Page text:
Saturday, 20 November 2010

Narratives as navigation of complex professional environments?

Part of the research journey is about shaping up a theoretical / philosophical 'frame' which, in my case brings the subject alive. Asking questions about professional identity and dealing with narratives involves playing with some big (and frankly, in some senses overworked) themes in academic literature. There are some well worn approaches to these themes which deal with the subject in sweeping, generalising ways. Now I'm a few months into reading around and note scribbling (and have a draft research proposal that seems a lot more solid) I'm finding my own take on those themes, one which is a lot more rooted in the actual situations and organisations individuals work in. 

Reading around has continued to confirm my own experience which is that understanding the shaping of professional identity must be done by examining the specific context of the professional environment in which an individual is active. Pragmatic philosophy sheds some useful light here, with a helpful emphasis on practice (which tells us so much), uncertainty, thought as a guide to action and so on.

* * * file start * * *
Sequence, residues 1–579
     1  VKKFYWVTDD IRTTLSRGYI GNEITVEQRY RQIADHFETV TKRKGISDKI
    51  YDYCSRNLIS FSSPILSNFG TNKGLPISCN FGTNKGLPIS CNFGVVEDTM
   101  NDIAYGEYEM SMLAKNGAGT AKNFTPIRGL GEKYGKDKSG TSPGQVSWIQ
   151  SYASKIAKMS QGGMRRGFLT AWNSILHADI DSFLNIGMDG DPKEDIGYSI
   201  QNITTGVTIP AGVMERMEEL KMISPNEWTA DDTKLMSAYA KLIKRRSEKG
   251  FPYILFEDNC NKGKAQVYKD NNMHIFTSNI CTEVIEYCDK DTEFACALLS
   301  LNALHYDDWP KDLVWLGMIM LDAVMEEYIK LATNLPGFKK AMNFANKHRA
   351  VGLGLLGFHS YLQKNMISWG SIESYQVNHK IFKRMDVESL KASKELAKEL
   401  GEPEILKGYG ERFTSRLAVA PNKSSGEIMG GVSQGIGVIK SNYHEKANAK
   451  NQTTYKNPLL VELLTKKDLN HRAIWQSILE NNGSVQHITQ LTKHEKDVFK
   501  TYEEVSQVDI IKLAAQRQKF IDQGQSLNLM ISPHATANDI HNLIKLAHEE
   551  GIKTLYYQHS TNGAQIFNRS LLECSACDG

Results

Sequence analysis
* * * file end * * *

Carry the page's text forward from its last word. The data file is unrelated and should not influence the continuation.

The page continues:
I'm focusing on a very situated identity here, thinking also about the insights that Cultural Historical Activity Theory (CHAT) offers into identity, tying it (rightly) to a 'social and relational view of the self' (Stetsenko and Arievitch, 2004) discussed in the context of 'collective practices' articulated by Leont'ev, Engestrom and others. 

For me, it's a unique opportunity to understand an professional environment (contemporary children's services in the UK) which presents individuals with real challenges in (re) constructing and navigating their professional 'self'. How fascinating (for me at least!) to try to understand that complex relationship between individual narratives and these environments. In fact, how fascinating to work with research participants to examine how they generate, use and relate their narratives.